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Cannabis Lab Design

The unique security, regulation, and instrumentation requirements of a cannabis testing lab

Lauren Everett

Lauren Everett is the managing editor for Lab Manager. She holds a bachelor's degree in journalism from SUNY New Paltz and has more than a decade of experience in news...

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The cannabis industry is booming in the US, and many scientists are jumping at the chance to develop high-quality testing facilities to meet the growing demand. Cannabis-testing laboratory revenues in the US are expected to reach $850 million by 2020, according to independent investment research and advisory firm GreenWave Advisors. But cannabis laboratories have a unique set of design requirements, regulations, and equipment that must be considered.

Whether you are converting an existing lab to accommodate cannabis testing or building from scratch, it is important to assemble a team of experts to guide you through the process. Seek out an architecture firm that specializes in cannabis laboratories, as they will know the special infrastructure requirements needed. They may also collaborate with engineers or custom lab furniture manufacturers who can help resolve design challenges or answer logistical questions.

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Safety and security

Security and cleanliness are two of the most important factors to address when constructing a cannabis-testing lab. Mandated security requirements may vary by state, but at a minimum, the lab should be equipped with 24-hour video surveillance and alarm systems and have on-site security, says Christopher Witowski, PhD, chief scientific officer of AltMed (Sarasota, FL), a cannabis-based pharmaceutical company. Entry into and out of the facility should require a special access card or another form of identity authentication to prevent any unauthorized persons from entering.

Testing labs should also be sterile to avoid any contamination issues or safety hazards. Personal protective equipment is an obvious first step to ensure staff and the products they are working with remain safe. The chemicals commonly used in a variety of cannabis-testing procedures can corrode or damage furnishings, so be sure to select furniture and surfaces that are designed to withstand harsh chemicals and that are easily cleanable.

AltMed Florida does in-house ethanol extraction to make MüV™ Products.
Credit: Rich Schineller/AltMed Florida

Witowski also advises that lab managers know how much solvent they plan to store on-site and how much future storage they will need if the design plan includes a multistage buildout. “Extraction is certainly where the biggest emphasis is placed on safety, as many solvents used in these processes are hazardous,” he says. “Every state has differing local storage and handling regulations of hazardous material. Check with your local fire marshal to ensure you can use the extraction method you want, whether it be CO2, ethanol, or hydrocarbons, which often require C1D1 [class one division one] rooms.” Other considerations Witowski cites include facility sprinkler systems, airborne solvent monitoring systems, HVAC, electrical requirements, and hazardous waste storage and disposal.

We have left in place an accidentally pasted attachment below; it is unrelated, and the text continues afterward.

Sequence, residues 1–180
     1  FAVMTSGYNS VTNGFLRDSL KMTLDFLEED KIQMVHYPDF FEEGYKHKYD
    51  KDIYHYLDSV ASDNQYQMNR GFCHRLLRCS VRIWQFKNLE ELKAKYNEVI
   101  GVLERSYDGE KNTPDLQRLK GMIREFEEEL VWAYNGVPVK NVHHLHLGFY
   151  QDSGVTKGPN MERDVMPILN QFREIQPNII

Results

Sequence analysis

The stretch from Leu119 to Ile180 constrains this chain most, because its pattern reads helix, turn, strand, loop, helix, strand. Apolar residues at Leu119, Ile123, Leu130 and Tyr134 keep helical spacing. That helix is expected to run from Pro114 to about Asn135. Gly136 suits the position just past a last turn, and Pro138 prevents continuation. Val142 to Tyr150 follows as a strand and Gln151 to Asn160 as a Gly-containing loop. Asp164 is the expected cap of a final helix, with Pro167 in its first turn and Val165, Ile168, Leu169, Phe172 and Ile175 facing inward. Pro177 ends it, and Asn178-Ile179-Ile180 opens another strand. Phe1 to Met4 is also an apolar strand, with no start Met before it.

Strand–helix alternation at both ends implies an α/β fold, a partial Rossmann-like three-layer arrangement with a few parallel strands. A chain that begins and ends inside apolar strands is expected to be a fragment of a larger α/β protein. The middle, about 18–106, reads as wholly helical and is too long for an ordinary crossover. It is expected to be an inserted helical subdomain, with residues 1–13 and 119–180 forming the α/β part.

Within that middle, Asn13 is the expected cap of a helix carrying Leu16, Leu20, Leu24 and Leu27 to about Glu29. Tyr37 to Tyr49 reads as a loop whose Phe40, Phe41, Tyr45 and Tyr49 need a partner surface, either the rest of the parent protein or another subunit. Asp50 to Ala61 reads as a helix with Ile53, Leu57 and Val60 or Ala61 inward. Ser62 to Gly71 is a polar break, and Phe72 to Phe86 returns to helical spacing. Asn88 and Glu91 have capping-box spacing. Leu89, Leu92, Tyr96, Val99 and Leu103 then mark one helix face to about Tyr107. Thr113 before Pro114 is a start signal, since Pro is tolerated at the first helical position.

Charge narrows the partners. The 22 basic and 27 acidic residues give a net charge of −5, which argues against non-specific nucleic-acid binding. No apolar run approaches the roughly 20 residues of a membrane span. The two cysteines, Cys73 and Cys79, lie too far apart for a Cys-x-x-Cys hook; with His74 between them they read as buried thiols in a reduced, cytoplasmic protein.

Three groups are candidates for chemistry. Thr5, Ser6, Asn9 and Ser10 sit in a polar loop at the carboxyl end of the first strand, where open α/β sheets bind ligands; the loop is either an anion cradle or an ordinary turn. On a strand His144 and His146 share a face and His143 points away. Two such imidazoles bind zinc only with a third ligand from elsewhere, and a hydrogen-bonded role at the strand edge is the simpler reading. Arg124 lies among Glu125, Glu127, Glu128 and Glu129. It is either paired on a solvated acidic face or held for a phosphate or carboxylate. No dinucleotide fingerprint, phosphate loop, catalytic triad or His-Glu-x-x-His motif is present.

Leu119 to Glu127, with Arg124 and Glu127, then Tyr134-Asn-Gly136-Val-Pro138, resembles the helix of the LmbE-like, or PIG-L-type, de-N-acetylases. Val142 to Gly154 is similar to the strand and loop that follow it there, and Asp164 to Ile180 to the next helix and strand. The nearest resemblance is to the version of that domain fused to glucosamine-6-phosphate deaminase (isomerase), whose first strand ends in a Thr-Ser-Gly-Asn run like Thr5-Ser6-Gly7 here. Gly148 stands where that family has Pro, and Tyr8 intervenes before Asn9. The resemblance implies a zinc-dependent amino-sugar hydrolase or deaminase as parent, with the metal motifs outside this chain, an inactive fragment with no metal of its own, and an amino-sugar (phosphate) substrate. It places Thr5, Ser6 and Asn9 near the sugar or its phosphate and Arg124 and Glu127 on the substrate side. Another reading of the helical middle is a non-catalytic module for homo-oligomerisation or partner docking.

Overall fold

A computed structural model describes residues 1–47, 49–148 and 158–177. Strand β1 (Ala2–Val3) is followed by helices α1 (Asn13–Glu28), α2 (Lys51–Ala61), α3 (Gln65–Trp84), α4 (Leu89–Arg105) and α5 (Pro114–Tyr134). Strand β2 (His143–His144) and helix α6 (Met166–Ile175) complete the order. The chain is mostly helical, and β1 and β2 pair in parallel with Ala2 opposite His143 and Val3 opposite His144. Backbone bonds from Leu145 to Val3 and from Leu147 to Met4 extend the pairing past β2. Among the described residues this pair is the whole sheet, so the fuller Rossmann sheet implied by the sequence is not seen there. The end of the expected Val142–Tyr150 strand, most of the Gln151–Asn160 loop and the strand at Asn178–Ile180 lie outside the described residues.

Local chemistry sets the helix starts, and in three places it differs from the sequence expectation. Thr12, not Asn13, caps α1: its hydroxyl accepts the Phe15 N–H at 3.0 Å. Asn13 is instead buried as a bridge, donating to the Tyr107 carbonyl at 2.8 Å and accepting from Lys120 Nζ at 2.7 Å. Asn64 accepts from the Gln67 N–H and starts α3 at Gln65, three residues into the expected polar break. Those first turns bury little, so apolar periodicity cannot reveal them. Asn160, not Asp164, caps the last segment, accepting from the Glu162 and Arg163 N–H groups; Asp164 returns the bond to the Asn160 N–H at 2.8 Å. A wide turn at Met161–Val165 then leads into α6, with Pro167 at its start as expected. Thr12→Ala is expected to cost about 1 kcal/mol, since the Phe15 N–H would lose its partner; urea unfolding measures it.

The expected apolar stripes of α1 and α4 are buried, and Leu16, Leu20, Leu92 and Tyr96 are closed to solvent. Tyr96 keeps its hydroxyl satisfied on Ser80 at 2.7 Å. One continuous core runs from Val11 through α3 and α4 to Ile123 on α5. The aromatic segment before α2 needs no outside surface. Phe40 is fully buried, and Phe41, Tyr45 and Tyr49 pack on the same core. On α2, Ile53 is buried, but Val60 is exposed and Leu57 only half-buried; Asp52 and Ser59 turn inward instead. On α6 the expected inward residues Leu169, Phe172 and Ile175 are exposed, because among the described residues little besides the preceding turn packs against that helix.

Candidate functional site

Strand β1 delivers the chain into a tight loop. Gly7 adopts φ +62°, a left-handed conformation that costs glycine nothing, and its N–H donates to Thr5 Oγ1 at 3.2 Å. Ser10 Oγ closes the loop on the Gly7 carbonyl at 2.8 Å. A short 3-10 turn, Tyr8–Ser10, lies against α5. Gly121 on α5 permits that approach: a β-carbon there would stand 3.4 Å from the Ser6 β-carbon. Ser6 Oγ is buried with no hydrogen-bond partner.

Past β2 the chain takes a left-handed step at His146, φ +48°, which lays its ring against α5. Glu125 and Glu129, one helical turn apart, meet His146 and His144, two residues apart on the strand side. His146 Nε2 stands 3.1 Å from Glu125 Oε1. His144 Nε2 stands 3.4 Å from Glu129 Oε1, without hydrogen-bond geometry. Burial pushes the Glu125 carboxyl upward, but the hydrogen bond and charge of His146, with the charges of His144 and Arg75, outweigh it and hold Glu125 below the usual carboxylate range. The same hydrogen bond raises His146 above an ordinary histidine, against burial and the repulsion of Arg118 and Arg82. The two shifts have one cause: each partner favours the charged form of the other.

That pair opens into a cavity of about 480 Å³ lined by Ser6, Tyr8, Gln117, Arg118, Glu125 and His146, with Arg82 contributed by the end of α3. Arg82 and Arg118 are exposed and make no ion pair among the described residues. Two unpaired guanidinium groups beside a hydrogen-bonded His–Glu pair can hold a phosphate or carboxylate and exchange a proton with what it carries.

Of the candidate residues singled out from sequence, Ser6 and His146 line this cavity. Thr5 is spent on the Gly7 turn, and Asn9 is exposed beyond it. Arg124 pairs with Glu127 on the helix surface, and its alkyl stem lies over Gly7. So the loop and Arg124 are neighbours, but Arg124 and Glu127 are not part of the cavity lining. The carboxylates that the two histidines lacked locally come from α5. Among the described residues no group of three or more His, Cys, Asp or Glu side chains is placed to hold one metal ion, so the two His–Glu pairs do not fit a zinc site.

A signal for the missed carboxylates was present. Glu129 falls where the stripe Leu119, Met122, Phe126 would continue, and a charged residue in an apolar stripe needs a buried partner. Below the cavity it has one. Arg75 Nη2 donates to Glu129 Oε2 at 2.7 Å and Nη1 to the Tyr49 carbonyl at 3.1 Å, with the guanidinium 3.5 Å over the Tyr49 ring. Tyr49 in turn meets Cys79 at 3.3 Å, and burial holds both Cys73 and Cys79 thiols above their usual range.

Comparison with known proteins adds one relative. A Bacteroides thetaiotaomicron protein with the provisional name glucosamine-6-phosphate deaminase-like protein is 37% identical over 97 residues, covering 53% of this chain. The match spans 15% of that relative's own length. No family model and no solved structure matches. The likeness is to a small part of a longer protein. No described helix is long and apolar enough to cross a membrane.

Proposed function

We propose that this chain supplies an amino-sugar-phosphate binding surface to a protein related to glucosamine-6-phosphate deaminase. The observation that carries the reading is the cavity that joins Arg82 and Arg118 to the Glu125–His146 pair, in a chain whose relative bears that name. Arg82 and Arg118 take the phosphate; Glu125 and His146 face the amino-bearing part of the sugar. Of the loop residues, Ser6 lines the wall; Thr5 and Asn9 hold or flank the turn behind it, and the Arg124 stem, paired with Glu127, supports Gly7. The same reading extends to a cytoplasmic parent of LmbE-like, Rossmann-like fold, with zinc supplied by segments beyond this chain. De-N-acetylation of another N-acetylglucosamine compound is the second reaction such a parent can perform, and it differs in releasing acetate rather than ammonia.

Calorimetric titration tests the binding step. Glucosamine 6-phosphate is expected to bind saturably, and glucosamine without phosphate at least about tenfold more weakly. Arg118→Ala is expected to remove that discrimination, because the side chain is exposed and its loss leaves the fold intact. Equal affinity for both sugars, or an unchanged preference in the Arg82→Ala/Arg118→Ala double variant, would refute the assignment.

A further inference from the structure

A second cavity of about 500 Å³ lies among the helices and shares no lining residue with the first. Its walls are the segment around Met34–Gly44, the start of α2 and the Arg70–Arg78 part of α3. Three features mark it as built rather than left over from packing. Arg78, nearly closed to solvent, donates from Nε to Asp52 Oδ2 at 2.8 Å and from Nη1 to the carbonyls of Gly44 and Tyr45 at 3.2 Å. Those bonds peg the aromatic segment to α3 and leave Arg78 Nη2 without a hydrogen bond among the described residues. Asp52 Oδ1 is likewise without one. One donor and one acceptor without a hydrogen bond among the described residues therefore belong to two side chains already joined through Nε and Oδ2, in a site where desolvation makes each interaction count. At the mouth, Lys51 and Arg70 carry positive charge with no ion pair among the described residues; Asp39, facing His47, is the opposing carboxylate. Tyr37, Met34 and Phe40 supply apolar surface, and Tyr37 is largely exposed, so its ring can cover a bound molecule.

Equipment and software

Most of the instruments needed to carry out cannabis testing and analysis are already very familiar to experienced analytical chemists— high-pressure liquid chromatographs (HPLC) are the most widely acceptable means of testing cannabis for potency; mass spectrometers (MS) can test for pesticides; and real-time polymerase chain reaction (qPCR) units can be used for terpene, contaminant, and strain testing. But those working in a cannabis lab may not have the same expertise or skill sets as traditional chemists. For example, a plant biologist or agricultural biologist may not be accustomed to working with such analytical equipment. That is why Shimadzu Scientific Instruments developed two dedicated products, the Cannabis Analyzer for Potency and the Hemp Analyzer, based on HPLC. As Bob Clifford, PhD, general manager at Shimadzu, explained, the company labeled the instruments as “analyzers” instead of “HPLC” instrumentation “because the main function is to provide the concentrations of cannabinoids in flower, plant, and concentrates through simple operation,” said Clifford. “Thus, a technician, instead of a higher-paid analytical chemist, can operate the system.” The analyzers allow for a simple and straightforward three-step process—start-up, analysis, and monitor. They also come with a sample preparation instruction manual, analytical test methods, an analytical column, a guard column, custom premix 11 cannabinoid standard, and premixed mobile phase to dedicated custom software. Additionally, Shimadzu offers an LC-MS/MS that can measure pesticides, mycotoxins, and aflatoxins in a single run in less than 15 minutes and a GC-MS/MS that can measure pesticides, terpenes, and residual solvents, reducing the capital cost for running a cannabis laboratory, according to Clifford.